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Old 15th September 2020, 06:59   #1
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Default Toyota halts India expansion, blames ‘We Don’t Want You’ taxes

An interesting article from Bloomberg, quoting the Vice Chairman of Toyota India stating that they will halt further investments in India due to the government’s inconsistent tax policies.

Toyota Halts India Growth, Blaming ‘We Don’t Want You’ Taxes - Bloomberg-Quint

Quote:
“The message we are getting, after we have come here and invested money, is that we don’t want you,” Vishwanathan said. In the absence of any reforms, “we won’t exit India, but we won’t scale up.”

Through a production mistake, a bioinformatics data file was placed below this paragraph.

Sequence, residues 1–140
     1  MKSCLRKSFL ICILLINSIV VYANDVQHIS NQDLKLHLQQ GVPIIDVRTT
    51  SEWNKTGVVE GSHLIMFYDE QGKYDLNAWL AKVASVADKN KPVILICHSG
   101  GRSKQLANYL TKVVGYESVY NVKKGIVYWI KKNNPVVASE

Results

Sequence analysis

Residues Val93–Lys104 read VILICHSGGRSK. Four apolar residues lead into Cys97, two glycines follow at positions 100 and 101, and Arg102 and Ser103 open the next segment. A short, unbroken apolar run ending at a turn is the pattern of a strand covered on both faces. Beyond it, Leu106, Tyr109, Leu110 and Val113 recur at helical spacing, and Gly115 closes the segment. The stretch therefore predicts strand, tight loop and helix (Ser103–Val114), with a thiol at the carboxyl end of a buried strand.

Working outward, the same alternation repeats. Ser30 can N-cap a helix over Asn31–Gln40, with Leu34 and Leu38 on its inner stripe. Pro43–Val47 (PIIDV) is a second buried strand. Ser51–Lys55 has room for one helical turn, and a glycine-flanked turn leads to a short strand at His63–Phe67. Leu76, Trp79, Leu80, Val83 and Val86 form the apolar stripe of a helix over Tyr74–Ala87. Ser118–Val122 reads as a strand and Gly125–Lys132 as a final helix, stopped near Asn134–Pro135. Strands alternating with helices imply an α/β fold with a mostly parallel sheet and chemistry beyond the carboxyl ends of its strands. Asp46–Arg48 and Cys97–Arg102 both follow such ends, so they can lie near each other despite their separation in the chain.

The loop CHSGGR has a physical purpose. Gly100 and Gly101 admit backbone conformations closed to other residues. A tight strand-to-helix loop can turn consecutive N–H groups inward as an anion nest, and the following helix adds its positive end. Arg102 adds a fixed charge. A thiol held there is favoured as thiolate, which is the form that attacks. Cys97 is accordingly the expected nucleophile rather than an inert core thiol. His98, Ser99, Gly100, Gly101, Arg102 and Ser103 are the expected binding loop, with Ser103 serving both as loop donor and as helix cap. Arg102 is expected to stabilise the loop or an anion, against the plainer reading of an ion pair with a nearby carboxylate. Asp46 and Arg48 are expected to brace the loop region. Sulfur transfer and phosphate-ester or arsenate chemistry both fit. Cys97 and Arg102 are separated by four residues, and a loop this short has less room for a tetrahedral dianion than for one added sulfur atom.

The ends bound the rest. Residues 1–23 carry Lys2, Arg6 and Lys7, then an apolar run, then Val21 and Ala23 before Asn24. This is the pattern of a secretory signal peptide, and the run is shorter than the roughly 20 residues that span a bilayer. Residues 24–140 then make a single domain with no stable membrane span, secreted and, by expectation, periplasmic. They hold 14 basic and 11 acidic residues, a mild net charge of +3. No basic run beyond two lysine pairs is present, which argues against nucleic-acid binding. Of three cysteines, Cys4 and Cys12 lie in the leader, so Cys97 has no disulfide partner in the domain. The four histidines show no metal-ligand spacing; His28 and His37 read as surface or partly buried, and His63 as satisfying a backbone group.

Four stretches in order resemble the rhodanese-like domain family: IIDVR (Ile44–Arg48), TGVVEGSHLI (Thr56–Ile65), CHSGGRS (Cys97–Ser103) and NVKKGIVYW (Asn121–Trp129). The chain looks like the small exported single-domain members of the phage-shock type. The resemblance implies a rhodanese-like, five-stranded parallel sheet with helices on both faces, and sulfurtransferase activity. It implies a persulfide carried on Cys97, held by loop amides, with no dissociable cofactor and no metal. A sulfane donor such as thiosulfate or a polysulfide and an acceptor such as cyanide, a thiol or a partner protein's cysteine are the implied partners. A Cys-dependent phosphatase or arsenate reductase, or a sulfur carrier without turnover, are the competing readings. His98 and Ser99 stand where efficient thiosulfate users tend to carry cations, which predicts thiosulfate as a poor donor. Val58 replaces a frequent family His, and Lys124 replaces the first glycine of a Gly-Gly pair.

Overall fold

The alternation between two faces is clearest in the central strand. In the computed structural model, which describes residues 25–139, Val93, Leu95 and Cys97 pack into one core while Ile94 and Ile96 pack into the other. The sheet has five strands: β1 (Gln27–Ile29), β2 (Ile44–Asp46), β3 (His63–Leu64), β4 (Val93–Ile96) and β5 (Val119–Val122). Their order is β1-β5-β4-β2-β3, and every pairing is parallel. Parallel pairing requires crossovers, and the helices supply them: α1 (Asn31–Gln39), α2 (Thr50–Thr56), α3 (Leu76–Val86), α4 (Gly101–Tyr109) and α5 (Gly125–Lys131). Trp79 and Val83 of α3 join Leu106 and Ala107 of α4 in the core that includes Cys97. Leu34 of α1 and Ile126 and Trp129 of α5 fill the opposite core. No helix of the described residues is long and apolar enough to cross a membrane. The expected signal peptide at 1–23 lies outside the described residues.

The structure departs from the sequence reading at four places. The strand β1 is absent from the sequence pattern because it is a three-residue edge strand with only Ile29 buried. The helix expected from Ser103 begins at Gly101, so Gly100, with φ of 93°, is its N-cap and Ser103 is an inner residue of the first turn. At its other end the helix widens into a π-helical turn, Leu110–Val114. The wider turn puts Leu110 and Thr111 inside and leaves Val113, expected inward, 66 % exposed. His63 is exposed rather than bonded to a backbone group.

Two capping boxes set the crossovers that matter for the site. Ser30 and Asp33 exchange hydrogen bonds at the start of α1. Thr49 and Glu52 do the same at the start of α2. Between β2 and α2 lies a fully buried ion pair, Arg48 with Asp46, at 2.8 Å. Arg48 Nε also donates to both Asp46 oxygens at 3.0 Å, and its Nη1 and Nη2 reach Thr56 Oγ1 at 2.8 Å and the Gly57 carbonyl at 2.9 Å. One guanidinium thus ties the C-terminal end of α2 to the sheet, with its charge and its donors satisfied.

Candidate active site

The article goes on to talk about the high level of GST on cars (particularly above 4 metres /1500 cc), which “discourage foreign investment, erode margins, and make the cost of launching new products prohibitive.”

“You’d think the auto sector is making drugs or liquor”, Vishwanathan said.
I agree with the views expressed here. Our policies on the auto sector have been clearly wrong, and prevented India from emerging as either a global demand centre or as a hub for global sales. High import duties have turned India into a profit island for select manufacturers who make poor quality, unsafe, Made for India cars - which cannot be sold anywhere else, while shielding them from new entrants who would need to use their global scale to compete.

The exit of GM, Ford, Fiat (as a brand), and a public statement from a senior officer (in a world where companies tend to be discreet and public criticism is not welcome) is the harbinger of things to come.